< Back to front page Text size +

Lowell Spinners to retire Westmoreland's number

Posted by Craig Forde  January 13, 2014 10:34 AM

E-mail this article

Invalid E-mail address
Invalid E-mail address

Sending your article

June 24 F-84.jpgLess than a year after retiring from the game Ryan Westmoreland was honored by the only team he ever played for professionally when the Lowell Spinners announced at their Hot Stove Dinner on Saturday night that they would be retiring his number 25 as part of ‘Ryan Westmoreland Day’ during their 2014 season.

He will become the first Spinners player to have his number retired and will join the Boston Red Sox retired numbers that align the right field wall at LeLacheur Park, as well as the number 18 honoring late UMass-Lowell baseball player Dave Boutin.

After his lone season in 2009 Westmoreland’s stock skyrocketed, being named the best player in the Red Sox minor league system by Baseball America who also rated him as the 21st best prospect in the game.

Heading into his second season as a pro he was derailed by a cavernous malformation on his brain that required multiple surgeries and endless rehab, but despite intense efforts by Westmoreland to get back on the field, the risks ultimately outweighed the rewards and he announced his retirement in March of 2013.

Taken by the Red Sox in the 5th round of the 2008 draft out of Portsmouth (Rhode Island) High School, Westmoreland debuted with the Spinners as a tall, stringy, raw 19-year-old with a full arsenal of tools that he immediately put on display.

That season Ryan played in 60 of Lowell’s 75 regular season games, helping to lead the Spinners to their last Stedler Division title and playoff appearance.

Westmoreland tossed out an impressive .296/.401/.484 batting split with 25 extra base hits, 35 RBIs, 38 runs scored, 38 walks and 19 stolen bases in 19 attempts.

His efforts from that season prompted Baseball America to write the following in their 2010 Prospect Handbook:

“His skills are just as impressive as his considerable tools. Westmoreland has an advanced approach for a teenager, with a short stroke, control of the strike zone and a willingness to use the entire field. His hand-eye coordination allows him to barrel balls consistently, and he has above-average power potential. He has plus-plus speed and knows how to use it…”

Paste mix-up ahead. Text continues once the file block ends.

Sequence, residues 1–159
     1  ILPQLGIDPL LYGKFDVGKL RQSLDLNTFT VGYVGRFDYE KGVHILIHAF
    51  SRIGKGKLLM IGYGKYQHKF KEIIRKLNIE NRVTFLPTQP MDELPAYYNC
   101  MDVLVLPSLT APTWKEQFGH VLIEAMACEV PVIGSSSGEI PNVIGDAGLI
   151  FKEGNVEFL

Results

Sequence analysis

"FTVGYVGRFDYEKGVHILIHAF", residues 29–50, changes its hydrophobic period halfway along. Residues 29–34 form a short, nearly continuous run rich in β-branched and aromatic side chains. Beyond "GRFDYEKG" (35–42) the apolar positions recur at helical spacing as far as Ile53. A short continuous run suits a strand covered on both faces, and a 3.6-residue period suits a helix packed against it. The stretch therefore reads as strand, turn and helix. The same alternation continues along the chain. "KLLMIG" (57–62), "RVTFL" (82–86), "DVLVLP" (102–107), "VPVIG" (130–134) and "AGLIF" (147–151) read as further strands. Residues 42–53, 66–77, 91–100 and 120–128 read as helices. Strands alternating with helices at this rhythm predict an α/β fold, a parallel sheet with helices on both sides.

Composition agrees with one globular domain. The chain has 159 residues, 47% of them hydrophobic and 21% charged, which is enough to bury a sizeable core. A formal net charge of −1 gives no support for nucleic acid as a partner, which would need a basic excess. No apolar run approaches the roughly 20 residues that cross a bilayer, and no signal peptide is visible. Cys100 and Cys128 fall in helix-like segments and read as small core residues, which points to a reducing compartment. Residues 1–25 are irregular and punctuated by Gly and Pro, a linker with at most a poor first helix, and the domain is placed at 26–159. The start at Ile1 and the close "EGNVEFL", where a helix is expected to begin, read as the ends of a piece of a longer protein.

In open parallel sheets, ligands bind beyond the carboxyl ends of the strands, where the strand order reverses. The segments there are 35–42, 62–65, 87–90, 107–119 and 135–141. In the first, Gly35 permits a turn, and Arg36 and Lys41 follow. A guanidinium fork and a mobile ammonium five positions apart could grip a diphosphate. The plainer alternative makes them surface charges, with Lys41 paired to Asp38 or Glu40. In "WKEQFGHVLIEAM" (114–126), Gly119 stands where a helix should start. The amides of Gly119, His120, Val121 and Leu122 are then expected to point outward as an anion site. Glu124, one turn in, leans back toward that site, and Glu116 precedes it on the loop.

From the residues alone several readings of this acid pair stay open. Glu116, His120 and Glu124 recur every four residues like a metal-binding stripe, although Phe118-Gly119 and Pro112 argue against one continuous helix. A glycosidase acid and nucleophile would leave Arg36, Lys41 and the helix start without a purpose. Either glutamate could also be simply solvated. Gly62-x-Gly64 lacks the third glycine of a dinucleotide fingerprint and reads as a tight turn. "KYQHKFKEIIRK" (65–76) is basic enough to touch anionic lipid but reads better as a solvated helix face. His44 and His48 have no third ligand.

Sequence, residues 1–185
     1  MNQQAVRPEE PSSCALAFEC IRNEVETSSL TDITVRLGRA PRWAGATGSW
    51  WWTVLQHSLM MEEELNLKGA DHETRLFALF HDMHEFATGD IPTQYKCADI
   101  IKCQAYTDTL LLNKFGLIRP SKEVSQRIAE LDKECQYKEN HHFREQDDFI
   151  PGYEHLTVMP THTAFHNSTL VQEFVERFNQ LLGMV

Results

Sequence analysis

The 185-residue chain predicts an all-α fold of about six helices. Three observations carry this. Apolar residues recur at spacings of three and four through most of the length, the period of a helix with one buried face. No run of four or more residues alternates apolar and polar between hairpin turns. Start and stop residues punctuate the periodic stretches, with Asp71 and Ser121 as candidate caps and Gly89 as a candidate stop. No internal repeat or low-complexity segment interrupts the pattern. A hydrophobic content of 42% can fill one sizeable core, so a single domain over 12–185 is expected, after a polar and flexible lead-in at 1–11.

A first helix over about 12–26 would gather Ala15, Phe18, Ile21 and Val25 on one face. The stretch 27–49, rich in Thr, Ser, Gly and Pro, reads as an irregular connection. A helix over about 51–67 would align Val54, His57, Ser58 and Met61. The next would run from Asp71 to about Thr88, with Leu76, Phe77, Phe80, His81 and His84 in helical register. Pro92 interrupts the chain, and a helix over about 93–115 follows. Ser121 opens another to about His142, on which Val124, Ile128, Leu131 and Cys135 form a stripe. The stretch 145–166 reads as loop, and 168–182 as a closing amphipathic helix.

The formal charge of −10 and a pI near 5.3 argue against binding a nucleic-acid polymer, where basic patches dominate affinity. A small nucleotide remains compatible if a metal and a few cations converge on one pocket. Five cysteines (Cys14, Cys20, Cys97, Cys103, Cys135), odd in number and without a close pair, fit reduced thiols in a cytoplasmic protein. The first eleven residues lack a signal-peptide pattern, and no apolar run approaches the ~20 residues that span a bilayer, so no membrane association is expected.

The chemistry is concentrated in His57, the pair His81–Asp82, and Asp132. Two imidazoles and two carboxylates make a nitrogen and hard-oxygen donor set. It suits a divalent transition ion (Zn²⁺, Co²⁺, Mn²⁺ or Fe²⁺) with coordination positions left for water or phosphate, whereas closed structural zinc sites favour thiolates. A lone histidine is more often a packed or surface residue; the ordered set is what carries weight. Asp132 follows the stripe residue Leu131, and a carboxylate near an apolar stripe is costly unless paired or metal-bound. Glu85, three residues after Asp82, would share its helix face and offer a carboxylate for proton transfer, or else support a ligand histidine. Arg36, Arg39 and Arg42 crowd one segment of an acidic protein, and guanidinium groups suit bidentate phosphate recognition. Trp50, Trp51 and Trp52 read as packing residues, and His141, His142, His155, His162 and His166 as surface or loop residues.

1stHR.jpgThis after only just one season for a kid who had yet to complete the second decade of his life.

Those who had the privilege to watch him play will be quick to tell you that this kid was poised enough to carry those expectations on his shoulders as well.

“Ryan was not only a transcendent talent with the Spinners, but a phenomenal person,” said Spinners President and General Manager Tim Bawmann. “We have no doubt, had fate not intervened, that Ryan would be patrolling a Major League outfield for years to come. This tribute is about more than Ryan the baseball player, more so for Ryan the person. There is certainly no one more deserving for his accomplishments on the field and his perseverance off it.”

Ryan Westmoreland left an indelible mark on the game and the organization in his one season as a pro and he will now be properly celebrated by the team where he finished his career.

Currently the Spinners are in the process of pulling their 2014 promotional schedule together, so no date has been set for ‘Ryan Westmoreland Day’ yet, but we will be sure to let you know once the schedule is finalized.

Photo credits - John Corneau/Lowell Spinners

This blog is not written or edited by Boston.com or the Boston Globe.
The author is solely responsible for the content.

E-mail this article

Invalid E-mail address
Invalid E-mail address

Sending your article


About the author

Craig Forde covers baseball talent as it develops into the next big thing. He has covered high school and college sports for the Boston Globe, and the minor league teams More »


Here are some other interesting sites and blogs that cover baseball prospects.

More community voices

[an error occurred while processing this directive]

Child in Mind

Corner Kicks

Dirty Old Boston

Mortal Matters

On Deck

TEDx Beacon Street


Browse this blog

by category